Your Guide to Florida's Natural Springs
From tiny trickles known to deep backwoods explorers to mammoth gushers like Wakulla, Manatee and Silver Springs, Florida's 700 natural fountains rank among the world's greatest wonders.
To dive or snorkel in Florida's springs is to experience an otherworldly sensation, a weightless flight through an underwater garden shaped by water clear as a lens, gnome-like rock formations, darting fish and billowing aquatic plants. "They are magical places for the solace of the soul," said Margaret Ross Tolbert, who has dived in the springs and painted them for nearly three decades. She finds in them a rejuvenating element, perhaps akin to that legendary fountain of Ponce de Leon's. "The experience of being in the springs is a kind of ecstatic harmony," Tolbert said. "In other times in life we sometimes feel this – emotionally, spiritually – as if everything and everyone is pulsing with the same energy, flow and radiance. The springs is the experience – the model, metaphor and illustration of that ecstasy," said Tolbert.
These springs range from tiny trickles known only to deep backwoods explorers to mammoth gushers like Wakulla, Manatee and Silver Springs, known as "first magnitude" because they discharge more than 65 million of gallons of water per day.
Many offer swimming, snorkeling, diving, photography, camping, canoeing, tubing or kayaking in water with a constant average temperature of 72 degrees. Silver Springs and Wakulla Springs offer glass-bottom boat tours. Rainbow Springs near Dunnellon often is considered the most beautiful of the state's 33 first-magnitude springs, more than any other state and more than any nation can boast.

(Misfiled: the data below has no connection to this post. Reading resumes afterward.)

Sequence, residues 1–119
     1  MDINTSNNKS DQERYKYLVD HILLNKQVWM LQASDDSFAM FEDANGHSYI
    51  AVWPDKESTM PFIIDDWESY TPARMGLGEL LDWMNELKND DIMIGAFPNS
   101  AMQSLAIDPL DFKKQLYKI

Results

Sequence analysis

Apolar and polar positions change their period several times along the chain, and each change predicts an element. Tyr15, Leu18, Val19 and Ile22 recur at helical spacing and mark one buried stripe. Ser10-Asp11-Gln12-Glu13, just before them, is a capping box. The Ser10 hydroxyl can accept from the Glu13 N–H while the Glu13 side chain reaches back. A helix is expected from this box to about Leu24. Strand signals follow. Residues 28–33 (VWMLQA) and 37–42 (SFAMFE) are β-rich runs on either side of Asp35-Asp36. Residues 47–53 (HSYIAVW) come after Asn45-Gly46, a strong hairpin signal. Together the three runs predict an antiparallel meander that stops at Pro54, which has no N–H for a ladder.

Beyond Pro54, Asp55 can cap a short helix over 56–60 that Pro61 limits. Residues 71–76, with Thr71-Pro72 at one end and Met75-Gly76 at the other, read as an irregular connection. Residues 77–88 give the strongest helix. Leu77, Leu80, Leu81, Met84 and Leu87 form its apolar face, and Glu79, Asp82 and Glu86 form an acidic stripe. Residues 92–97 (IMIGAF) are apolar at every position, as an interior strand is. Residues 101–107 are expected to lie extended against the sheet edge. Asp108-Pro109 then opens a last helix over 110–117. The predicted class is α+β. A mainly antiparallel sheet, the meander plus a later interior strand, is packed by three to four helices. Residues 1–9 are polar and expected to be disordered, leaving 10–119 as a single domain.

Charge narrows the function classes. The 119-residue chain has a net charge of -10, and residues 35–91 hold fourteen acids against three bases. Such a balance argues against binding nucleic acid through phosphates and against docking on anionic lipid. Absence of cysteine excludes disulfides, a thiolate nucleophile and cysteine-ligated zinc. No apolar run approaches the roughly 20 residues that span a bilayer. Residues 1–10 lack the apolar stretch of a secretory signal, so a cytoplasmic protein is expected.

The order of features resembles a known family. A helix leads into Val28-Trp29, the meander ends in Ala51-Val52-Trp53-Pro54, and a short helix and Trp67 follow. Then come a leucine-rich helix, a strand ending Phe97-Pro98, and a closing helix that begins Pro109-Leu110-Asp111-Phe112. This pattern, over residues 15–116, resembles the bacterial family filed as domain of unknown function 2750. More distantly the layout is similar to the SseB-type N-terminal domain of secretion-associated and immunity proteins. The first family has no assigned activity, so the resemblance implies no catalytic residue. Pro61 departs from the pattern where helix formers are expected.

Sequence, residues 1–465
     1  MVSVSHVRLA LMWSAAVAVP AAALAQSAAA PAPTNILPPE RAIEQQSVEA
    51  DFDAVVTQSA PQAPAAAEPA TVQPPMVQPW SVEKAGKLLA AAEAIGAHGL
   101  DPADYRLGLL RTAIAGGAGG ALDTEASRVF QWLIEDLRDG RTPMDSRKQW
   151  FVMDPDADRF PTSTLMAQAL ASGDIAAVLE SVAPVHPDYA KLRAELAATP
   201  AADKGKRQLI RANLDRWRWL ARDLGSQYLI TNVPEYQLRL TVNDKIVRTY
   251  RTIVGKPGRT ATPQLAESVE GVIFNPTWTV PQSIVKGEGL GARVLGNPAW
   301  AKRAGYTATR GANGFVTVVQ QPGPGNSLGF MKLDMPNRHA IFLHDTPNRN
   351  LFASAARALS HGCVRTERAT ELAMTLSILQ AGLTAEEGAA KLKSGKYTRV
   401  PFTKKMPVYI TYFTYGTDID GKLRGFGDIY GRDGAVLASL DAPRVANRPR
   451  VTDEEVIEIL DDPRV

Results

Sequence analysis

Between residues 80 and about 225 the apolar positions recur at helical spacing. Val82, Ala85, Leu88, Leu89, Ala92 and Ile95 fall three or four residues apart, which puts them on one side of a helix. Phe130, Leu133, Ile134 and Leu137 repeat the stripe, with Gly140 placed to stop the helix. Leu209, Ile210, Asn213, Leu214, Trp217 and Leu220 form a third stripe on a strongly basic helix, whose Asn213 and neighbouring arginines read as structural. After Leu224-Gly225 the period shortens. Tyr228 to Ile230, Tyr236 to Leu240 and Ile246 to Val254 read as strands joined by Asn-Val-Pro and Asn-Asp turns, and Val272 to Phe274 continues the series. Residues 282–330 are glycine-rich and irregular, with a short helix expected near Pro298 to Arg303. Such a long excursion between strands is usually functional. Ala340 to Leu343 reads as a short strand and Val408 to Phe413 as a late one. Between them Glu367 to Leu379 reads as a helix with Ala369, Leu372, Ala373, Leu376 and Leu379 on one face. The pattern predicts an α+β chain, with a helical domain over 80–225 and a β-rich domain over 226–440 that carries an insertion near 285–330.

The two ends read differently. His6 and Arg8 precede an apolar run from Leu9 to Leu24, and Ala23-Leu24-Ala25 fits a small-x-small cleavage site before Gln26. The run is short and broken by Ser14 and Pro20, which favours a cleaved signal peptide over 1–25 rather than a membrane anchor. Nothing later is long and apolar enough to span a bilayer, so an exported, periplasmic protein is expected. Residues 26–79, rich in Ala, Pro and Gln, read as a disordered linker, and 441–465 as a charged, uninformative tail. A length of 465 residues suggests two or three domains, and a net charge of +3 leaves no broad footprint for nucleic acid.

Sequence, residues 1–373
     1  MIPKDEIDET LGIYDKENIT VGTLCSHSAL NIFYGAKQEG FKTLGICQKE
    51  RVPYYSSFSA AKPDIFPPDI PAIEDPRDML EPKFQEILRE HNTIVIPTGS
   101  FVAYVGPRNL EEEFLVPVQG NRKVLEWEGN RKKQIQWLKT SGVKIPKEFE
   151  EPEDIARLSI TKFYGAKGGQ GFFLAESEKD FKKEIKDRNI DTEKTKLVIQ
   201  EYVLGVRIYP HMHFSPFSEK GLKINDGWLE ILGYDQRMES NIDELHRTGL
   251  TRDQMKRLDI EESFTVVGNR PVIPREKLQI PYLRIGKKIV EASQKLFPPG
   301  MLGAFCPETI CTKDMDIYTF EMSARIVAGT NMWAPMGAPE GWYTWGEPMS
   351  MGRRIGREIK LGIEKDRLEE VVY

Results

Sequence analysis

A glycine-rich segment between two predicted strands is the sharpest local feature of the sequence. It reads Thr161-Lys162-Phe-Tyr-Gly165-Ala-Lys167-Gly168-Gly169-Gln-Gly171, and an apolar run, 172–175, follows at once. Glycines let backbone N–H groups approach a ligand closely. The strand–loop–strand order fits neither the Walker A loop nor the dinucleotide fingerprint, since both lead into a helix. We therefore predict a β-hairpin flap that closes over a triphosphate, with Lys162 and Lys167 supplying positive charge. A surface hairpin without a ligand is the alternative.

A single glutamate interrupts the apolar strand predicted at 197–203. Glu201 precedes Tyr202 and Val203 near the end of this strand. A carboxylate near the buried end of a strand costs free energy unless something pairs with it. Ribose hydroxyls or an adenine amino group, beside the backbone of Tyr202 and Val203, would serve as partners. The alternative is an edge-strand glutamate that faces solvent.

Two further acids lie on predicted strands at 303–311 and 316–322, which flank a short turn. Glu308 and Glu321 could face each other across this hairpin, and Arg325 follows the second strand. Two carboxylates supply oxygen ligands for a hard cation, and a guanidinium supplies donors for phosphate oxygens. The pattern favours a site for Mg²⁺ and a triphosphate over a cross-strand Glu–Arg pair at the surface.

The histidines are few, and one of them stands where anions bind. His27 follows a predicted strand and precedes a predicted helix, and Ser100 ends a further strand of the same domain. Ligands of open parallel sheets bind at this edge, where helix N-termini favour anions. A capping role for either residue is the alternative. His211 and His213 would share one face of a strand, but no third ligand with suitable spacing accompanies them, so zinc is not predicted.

A few hours' visit to any of Florida's bubbling wonders can reveal a living composition of wildlife and plants. Frequently seen creatures include manatees, otters, the secretive, eel-like greater siren, loggerhead musk turtles, Florida gar and maybe an alligator – which should be given wide berth. Eel grass, the delicate, pale spider lily and stately bald cypress trees help paint the biological variety that is such a part of Florida's character. Restoring and preserving the springs and all the life within them is one of Tolbert's goals. Doing so means learning about them from multiple perspectives, which is among the purposes of AquiFERious, she said. "I'd like people to immerse themselves in art and the ideas that inform it and the artist's journey, just as they immerse themselves in the springs," Tolbert said. "I'd like that paradigm shift of considering art and science both to illuminate reality, the poetic as perhaps the only way to wholly understand it.
The Floridan Aquifer
The technical name for this porous limestone that underlines the Florida peninsula – in some spots thousands of feet thick – is the Floridan aquifer. Tens of thousands of years ago, when the Florida landmass emerged from the sea, the lime rock "trapped" the sea water.
The exposed limestone collects freshwater, and below this freshwater lens, the rock holds saltwater. Over the years, the rains and freshwater began to form tunnels and cavities, collecting in what would become a giant reservoir. In some areas, where the crust is thin, the water bubbles to the surface.